When it comes to the HPV vaccine, there are many questions, mostly these questions are about the effectiveness of having the vaccine through different ages and how long they last in the body. In this article, it will be covered, answering these must-needed questions.
How long does the HPV vaccine last?
At this time the average is 10 years. Many studies are still being conducted on whether or not the HPV vaccine can last longer than 10 years and still be just as effective. There are several different types of HPV vaccines, they all depend on the country that the patient is getting it administered in such as Cervarix and Gardasil. Both of these vaccines require patients to have two or three doses, six months apart depending on their age.
Those who are under the age of 15 only need two vaccines as they have better immune systems while those between the ages of 15 to 26 need three doses. While there are still questions and studies for patients who are past the age of 26, the ones that do get the HPV vaccine will also get three doses, six to twelve months apart.
What ages are most prevalent in getting HPV?
There have been numerous studies to conclude when HPV infections are most commonly identified in age groups, one study was tested in populations in Mediterranean countries within Europe. The study concluded that HPV-type infections are commonly higher in young women. The two peaks of HPV infections are between the ages of 14 to 19 years old and again 50 to 54 years old. Lower peaks are commonly through a woman in her 30s, mainly 30 to 39 years old.
Is there an age that is too late for the vaccine?
The HPV vaccine is most effective for males and females when they get the vaccine between the ages of 9 to 26. On average, children receive the vaccine at the ages of 11 and 12, this is due to the less likelihood that they’ve been exposed to sexual activity. Those who are unvaccinated between the ages of 25 to 45 may be able to get the vaccine, however, they will need to talk with their doctor first about it to see if it’s right for them. After the age of 45, it’s not recommended to get the HPV vaccination due to its effects. Studies are still being conducted whether or not it’s safe and effective for those past the age of 45.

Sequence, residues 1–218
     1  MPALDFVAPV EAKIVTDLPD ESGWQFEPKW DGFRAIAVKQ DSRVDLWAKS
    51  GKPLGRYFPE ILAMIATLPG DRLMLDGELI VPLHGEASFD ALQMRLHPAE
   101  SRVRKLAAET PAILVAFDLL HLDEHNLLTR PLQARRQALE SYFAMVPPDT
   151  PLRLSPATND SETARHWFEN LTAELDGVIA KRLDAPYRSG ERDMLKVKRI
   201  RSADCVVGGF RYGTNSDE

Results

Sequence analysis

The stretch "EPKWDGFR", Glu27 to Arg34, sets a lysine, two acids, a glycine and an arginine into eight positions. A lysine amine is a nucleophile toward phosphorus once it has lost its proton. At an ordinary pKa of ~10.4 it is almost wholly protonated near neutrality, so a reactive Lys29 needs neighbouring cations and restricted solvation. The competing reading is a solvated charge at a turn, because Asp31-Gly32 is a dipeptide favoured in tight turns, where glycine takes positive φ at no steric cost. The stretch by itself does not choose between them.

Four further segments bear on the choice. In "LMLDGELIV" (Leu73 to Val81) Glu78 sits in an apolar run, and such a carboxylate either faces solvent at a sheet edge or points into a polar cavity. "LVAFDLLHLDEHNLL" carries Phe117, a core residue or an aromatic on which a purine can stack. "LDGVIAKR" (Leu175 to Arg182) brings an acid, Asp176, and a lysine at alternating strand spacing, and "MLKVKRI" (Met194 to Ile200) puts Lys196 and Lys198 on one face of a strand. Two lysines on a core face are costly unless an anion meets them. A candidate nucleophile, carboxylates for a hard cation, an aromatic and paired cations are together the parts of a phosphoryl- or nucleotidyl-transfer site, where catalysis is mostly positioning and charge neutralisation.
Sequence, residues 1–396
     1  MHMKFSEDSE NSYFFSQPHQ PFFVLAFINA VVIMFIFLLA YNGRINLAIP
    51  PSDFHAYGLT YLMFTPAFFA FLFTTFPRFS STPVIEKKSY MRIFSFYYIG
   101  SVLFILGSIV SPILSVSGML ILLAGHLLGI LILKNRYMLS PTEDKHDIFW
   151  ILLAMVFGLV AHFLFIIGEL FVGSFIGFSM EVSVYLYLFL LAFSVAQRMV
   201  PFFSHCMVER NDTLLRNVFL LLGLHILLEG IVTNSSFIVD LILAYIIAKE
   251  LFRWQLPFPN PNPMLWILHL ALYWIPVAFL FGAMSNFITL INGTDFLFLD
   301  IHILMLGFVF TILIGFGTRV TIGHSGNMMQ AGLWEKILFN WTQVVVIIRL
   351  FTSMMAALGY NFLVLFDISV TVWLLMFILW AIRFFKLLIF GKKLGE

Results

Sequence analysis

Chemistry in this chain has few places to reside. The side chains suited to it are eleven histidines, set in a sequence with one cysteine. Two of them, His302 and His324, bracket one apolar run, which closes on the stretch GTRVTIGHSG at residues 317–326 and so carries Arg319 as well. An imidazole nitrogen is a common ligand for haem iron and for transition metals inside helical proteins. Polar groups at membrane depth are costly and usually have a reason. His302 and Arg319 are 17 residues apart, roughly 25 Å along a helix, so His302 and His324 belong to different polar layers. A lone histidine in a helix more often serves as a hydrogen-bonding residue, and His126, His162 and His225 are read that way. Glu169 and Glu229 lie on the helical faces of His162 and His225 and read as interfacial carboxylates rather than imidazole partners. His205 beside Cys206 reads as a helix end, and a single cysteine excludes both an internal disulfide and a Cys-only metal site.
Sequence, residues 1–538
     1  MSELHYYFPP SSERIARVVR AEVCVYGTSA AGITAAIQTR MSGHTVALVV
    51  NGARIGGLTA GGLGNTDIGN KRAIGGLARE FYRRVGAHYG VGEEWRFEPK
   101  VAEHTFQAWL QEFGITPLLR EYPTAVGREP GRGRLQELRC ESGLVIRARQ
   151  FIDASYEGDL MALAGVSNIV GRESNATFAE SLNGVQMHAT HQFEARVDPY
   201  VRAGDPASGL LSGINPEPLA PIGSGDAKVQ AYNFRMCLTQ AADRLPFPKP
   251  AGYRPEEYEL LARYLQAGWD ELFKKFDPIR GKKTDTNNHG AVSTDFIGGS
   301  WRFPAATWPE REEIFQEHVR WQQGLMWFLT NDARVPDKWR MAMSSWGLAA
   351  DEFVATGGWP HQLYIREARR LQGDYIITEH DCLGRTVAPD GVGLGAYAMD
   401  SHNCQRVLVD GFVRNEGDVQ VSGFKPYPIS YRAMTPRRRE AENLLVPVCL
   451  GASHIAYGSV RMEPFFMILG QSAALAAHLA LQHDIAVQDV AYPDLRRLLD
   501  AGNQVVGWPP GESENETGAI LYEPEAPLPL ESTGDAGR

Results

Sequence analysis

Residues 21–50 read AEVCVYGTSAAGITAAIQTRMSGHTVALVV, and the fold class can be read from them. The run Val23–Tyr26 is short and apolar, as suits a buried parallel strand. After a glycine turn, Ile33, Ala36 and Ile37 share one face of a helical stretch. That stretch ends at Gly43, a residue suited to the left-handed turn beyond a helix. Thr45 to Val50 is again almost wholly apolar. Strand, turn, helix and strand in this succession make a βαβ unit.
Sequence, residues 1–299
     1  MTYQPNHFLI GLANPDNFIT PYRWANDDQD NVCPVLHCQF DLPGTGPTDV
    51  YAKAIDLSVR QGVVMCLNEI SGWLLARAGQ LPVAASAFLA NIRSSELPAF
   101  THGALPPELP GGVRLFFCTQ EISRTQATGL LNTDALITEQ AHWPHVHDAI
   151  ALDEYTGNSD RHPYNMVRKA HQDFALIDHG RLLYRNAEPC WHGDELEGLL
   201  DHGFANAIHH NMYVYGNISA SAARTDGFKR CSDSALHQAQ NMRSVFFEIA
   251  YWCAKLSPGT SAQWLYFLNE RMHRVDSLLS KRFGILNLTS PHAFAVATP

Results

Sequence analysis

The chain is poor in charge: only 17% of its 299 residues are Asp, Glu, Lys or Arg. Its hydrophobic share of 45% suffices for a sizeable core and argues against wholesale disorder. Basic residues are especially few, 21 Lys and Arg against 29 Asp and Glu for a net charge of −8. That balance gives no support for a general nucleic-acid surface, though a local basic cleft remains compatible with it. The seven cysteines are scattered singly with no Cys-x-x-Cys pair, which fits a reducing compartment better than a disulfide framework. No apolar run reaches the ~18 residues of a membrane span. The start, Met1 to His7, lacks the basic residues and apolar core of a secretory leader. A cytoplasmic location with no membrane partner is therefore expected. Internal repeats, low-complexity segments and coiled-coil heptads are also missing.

Clinical decision making will be needed for patients between the ages of 27 and 45
Those past the age of 26 should be advised that there will be limitations to the vaccination. Those who have had no or few sexual partners will stand the best chance at getting the benefits of the vaccination. The HPV vaccination is also less likely to offer any sort of benefit to those past the age of 26 who have already been infected with the HPV.
While many HPV infections are commonly acquired through young adulthood and adolescence, there is always a risk factor of HPV when getting a new sexual partner. Some people may have medical or behavioral risk factors from the HPV infection. While the vaccine is meant to prevent the infection of HPV before a person has ever been exposed to HPV, it can be ineffective as you age. However, adults from ages 27 to 45 could still benefit from getting vaccinated as it may help in avoiding new risks of HPV infections. The vaccine is safe for ages 27 to 45 overall.
Why do children receive the vaccine at a young age?
The recommended age for boys and girls to get the HPV vaccine is from ages 11 and 12. While children can get it at the age of 9, their immune system isn’t as strong as compared to a preteen. This age is most effective and works best on patients in this age bracket. The vaccine protects against nine different types of HPV strains. The immune system for children this age is very strong, which helps in making the vaccine more effective. The immune response in the vaccine is far better with pre-teens than teenagers or older adults. Teenagers can get the HPV vaccine as well but this is considered late and less effective.
The HPV vaccine is highly recommended as over 80% of the world population will be infected with HPV at one point in their life. HPV can slowly grow within the body and cause warts or cancers. There are no true symptoms of HPV, so anybody unvaccinated can have it without even knowing they do. While the vaccine may only last for 10 years, it helps the body’s immune system fight against the infection each time the body comes in contact with one of the HPV strains. Even if the vaccine is less effective for those who are older, it can still help in fighting off the spread of HPV to others and yourself.
Are booster shots needed after the 10 years of the HPV vaccine?
At this time, studies are still being conducted on whether or not a single dose is needed or if booster shots will be required.